Not all digital video recorders are created equal. But there’s no question these DVRs, or TiVo’s, or new fangled VCRs or whatever you want to call them have changed the way many of us watch TV. If you have such a device, do you even remember what it was like when you couldn’t pause and rewind live TV?
But being consumers, we want more. More storage space, more content, more options. Thing is, more is out there but many of us have no access to these DVRs. But what is more?
I posed the question to Broadcom Corp., the Irvine designer of DVR silicon chips. What should a DVR be able to do these days? Plenty, the company tells me. Here’s a list of what Broadcom DVR chips can do. Keep in mind, this doesn’t mean that DVRs with Broadcom chips have all these features enabled. But this is just a list of what is available today.
Use home Wi-Fi, Ethernet, Bluetooth or MoCA to connect to other devices in the house. You probably know what wireless Wi-Fi and Bluetooth and wired Ethernet are. The newcomer is MoCA, which uses existing coaxial cable running through the house to send high-definition video signals between devices. It’s one way to avoid ripping up walls and installing fiber-optic cables.
Enable a Multi-room DVR so households can skip a second DVR at home. All shows are stored on one box, which can be accessed from any room with TV and receiver (i.e., a standard set-top box for most users). Multiple people can watch the same show at the same time on different TVs and pause or rewind without affecting anyone else’s playback. Verizon FiOS and AT&T U-verse offer one and Cox Communications plans to offer one before the end of the year.
Stream content from your cell phone. Record a video on your phone that you want to watch on the big-screen TV? It’s been possible for a few years. Thanks to Digital Living Network Alliance technology, such DLNA-enabled cell phones or computers can stream digital content from one device to another.
4. Convert HD shows and movies to a format fit for a mobile phone. Broadcom’s chip will transcode the HD content for you and use one of the aforementioned networking technologies to send the video to the phone. While possible, Broadcom says that there are no public roll outs of the technology. I’m just mentioning this because it’s something DVRs could do.
5. Be controlled by a cell phone. Forget to set your DVR to record the premiere of a new TV show? Just go online on a PC or a cell phone to control the home DVR.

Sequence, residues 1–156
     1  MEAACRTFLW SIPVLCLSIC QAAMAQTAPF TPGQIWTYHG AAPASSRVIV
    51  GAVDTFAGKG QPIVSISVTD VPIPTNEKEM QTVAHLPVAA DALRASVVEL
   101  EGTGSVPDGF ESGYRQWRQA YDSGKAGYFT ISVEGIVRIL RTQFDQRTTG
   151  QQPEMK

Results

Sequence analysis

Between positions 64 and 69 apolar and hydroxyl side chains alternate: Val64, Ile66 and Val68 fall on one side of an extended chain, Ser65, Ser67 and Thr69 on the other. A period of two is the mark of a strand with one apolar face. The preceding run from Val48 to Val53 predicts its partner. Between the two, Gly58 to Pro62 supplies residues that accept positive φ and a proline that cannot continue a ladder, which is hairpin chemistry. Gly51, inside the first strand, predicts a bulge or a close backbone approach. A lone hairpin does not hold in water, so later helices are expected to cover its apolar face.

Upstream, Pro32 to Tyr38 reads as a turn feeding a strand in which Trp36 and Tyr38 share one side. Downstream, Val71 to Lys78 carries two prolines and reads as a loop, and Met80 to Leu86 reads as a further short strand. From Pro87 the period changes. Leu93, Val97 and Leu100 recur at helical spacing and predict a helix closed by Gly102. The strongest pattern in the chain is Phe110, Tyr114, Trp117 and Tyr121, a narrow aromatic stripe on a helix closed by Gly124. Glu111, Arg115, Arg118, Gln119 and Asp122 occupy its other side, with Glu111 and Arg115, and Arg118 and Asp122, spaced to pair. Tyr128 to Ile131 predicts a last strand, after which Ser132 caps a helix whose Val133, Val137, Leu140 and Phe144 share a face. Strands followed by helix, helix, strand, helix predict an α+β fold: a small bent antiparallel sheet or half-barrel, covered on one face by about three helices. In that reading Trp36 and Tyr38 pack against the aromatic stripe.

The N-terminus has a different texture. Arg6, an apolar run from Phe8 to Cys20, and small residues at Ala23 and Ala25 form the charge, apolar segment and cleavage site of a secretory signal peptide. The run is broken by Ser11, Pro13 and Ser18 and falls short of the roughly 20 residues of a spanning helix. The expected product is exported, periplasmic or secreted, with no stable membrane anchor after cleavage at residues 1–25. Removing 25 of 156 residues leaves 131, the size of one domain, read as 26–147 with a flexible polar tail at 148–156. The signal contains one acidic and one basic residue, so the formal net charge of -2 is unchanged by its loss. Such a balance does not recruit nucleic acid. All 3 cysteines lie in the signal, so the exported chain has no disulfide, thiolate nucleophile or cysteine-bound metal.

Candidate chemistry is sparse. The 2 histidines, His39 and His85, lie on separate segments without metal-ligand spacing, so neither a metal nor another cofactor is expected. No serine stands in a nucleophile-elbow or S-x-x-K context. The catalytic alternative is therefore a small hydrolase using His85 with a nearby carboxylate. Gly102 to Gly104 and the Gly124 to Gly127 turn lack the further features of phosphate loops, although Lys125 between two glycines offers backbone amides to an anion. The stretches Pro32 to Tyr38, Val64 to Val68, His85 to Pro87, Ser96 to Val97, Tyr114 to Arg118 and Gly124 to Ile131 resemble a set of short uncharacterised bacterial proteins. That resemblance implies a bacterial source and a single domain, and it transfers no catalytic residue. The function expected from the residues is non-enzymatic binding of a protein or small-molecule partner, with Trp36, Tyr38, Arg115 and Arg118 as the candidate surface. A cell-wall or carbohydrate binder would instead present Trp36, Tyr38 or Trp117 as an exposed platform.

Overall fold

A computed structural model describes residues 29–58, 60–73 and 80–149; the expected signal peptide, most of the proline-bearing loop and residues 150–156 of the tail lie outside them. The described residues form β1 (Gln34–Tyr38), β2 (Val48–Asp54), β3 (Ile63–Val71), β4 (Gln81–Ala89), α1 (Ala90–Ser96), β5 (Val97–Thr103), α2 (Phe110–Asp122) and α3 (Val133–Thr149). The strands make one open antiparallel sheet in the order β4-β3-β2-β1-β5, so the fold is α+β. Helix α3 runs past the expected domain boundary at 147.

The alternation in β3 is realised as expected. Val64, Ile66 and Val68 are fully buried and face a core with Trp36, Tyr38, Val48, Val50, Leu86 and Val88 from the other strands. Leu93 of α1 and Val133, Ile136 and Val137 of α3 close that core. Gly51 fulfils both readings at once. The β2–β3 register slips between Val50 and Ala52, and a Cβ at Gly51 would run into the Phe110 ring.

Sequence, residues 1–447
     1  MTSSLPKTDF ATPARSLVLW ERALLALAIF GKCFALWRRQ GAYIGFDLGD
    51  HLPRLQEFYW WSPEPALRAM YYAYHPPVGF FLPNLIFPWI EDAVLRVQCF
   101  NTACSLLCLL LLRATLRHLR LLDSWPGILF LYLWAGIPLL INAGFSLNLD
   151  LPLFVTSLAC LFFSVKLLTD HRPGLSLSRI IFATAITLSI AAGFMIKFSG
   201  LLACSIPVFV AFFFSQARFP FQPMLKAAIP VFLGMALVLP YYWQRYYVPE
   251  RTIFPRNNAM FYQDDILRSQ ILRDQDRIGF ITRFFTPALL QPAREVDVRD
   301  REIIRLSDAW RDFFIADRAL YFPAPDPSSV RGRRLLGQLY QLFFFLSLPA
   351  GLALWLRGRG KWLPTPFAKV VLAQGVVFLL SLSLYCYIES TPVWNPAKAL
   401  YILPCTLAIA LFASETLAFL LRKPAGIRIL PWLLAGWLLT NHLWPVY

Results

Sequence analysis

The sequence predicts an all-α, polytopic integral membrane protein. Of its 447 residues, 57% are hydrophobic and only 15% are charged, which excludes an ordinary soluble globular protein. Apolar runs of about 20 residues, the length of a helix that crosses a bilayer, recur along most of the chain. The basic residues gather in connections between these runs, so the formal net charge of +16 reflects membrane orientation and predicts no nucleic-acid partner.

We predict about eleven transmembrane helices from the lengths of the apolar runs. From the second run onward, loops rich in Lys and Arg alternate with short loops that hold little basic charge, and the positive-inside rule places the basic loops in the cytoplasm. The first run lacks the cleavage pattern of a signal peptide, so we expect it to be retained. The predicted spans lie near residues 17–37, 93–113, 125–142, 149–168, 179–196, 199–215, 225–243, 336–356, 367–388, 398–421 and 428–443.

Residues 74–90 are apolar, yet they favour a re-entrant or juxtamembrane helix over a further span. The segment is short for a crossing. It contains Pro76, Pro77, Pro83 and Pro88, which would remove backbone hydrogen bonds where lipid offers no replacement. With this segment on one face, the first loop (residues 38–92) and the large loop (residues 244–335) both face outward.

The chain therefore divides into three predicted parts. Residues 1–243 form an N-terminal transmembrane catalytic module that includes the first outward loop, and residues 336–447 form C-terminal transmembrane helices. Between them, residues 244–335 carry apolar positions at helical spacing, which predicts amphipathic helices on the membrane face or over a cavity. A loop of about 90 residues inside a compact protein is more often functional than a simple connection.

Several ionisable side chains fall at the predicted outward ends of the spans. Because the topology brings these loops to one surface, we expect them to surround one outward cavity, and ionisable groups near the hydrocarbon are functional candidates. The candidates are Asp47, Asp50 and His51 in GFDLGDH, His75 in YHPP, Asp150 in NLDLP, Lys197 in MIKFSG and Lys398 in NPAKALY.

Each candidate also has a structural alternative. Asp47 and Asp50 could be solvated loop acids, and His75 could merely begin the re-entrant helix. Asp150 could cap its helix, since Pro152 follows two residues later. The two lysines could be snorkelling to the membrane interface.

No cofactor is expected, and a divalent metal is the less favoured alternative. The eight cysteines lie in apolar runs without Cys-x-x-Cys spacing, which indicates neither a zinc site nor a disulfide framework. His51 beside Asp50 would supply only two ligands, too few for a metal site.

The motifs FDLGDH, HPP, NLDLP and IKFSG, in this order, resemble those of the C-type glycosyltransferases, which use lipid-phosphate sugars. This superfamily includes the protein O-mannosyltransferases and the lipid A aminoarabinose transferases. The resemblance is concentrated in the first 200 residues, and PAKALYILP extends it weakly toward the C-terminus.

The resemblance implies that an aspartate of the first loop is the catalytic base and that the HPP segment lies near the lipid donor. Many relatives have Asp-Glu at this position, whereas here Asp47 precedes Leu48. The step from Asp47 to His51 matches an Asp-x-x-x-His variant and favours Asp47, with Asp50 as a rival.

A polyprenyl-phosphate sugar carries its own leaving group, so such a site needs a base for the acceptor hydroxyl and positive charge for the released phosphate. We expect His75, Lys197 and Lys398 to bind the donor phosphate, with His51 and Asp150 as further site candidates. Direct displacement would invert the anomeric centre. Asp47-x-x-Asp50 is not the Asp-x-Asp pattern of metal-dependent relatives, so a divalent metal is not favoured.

6. Rent or buy movies – or anything else. Consumers don’t have to rely on their TV provider’s on-demand library. Now Netflix and others are offering downloadable movie rentals streamed to a TV. Referred to as OTT, short for “Over The Top,” the interactive service isn’t limited to videos. TiVo, for example, lets users order pizza from Domino’s.
7. Surf the Internet, usually through a built-in Web browser.
8. Stream music from the Web through online services like Pandora.
9. Cut down on energy bills. Well, possibly. While all these features are specific to the Broadcom chip inside, another feature of the chip is a power management system to lower power consumption.
10. Expand capacity for more videos. USB ports have been on set-top boxes for years but many TV providers disable the feature because they don’t want to mess with copyright issues. Still, Broadcom DVRs support this feature in order for consumers to easily add an external hard drive to add more capacity to the box.
11. Video conferencing. A DVR is essentially a computer. Add a camera, perhaps using the one in your cell phone, and you can make video calls.
That about covers it from Broadcom’s perspective. Have readers noticed other DVR features not mentioned above? Broadcom isn’t the only DVR chipmaker out there. Also, if you’ve got other suggestions about features you want your DVR to have, please share with me and other readers by commenting below. Thanks!
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